More broadly, Gore sees his energy initiative as a “next stage” of economic progress for the United States. Gore says investing in clean, renewable energy sources not only will reduce U.S. dependence on foreign oil, but will help transition the national economy from one based on fossil fuels to one that invests in the energy sources of the future. [For details, see Gore’s campaign Web site,]

Gore, who wrote the pro-environmental book Earth in the Balance (published in 1992), now is trying to rewrite the old political rule book by erasing the dichotomy that pits jobs against the environment. The Democratic nominee has tried to sell the notion that protecting the environment can be good for the economy and create – rather than eliminate – high-paying jobs.

“We don’t have to degrade our environment in order to secure our energy future,” Gore said in response to Bush’s proposal to open up the Arctic Refuge for drilling. “We shouldn’t invade precious environmental treasures like the Arctic National Wildlife Refuge in the pursuit of an energy solution that would take years to implement, and in the end, would yield just months of increased oil supply.”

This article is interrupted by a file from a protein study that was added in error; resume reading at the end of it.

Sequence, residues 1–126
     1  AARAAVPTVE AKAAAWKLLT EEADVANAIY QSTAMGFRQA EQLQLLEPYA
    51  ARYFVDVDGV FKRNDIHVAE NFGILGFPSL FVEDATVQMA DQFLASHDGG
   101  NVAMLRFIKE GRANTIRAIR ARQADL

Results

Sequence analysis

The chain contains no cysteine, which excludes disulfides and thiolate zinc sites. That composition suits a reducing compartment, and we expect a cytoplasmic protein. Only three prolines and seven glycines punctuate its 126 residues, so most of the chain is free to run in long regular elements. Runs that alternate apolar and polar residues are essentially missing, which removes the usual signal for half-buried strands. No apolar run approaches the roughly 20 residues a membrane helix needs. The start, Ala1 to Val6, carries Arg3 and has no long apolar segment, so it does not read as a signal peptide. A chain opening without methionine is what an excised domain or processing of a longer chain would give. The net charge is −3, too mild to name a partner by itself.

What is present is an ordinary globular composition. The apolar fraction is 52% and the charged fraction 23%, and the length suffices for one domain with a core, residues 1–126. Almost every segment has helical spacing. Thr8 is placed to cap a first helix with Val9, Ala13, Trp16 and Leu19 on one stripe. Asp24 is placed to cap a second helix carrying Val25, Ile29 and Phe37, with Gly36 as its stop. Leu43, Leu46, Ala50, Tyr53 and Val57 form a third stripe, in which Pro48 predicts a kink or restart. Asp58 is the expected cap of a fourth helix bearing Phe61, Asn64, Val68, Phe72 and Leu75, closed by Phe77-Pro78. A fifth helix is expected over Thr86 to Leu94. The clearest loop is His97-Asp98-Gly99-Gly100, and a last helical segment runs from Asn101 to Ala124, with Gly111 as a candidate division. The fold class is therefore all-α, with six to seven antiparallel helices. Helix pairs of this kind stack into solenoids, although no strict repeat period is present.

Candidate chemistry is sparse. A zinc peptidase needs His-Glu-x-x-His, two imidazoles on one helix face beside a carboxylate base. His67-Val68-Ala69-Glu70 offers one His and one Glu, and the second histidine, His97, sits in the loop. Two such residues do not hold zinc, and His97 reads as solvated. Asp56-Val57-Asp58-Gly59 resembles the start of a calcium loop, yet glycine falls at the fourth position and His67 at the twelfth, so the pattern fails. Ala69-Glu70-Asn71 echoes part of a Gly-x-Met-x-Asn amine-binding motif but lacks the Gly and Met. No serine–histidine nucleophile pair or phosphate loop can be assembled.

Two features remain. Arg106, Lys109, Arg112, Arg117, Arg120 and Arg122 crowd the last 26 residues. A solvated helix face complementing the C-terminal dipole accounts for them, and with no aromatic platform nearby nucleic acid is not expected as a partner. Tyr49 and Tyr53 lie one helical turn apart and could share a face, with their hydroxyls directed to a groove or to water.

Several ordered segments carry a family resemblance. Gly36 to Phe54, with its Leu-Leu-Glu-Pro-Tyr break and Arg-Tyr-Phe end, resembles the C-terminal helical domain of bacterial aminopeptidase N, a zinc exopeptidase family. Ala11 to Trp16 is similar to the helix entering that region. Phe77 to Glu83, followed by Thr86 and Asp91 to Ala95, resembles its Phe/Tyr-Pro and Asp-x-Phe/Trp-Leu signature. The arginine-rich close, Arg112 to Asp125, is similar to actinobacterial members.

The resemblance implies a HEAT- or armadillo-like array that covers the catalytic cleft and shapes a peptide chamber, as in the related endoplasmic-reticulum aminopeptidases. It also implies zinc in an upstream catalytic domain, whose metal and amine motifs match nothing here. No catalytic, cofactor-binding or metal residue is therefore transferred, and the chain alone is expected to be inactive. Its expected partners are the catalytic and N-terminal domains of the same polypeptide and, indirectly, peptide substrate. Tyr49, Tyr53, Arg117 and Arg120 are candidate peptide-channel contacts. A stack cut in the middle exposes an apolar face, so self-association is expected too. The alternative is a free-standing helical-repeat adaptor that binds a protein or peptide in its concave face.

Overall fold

Bush, however, portrays Gore’s policies as impractical and even laughable. Like his father – who mocked Gore as “Ozone Man” in 1992 because of Gore’s warnings about the emerging threat of global warming and other atmospheric changes – George W. Bush ridicules Gore and his positions.

“The vice president likes electric cars – he just doesn’t like making electricity,” Bush joshed during his energy speech.

Yet, behind the electoral strategies exist complex economic and political realities that have attracted little attention from the U.S. news media. Powerful economic forces have always driven the politics of oil – and that is still the case in 2000.

Like any market-based commodity, the price of oil is determined by the law of supply and demand. When supply and demand are in balance, prices are stable at what are deemed their natural levels. But when this balance is knocked out of whack, prices go up or down based on the relative strength of demand to supply.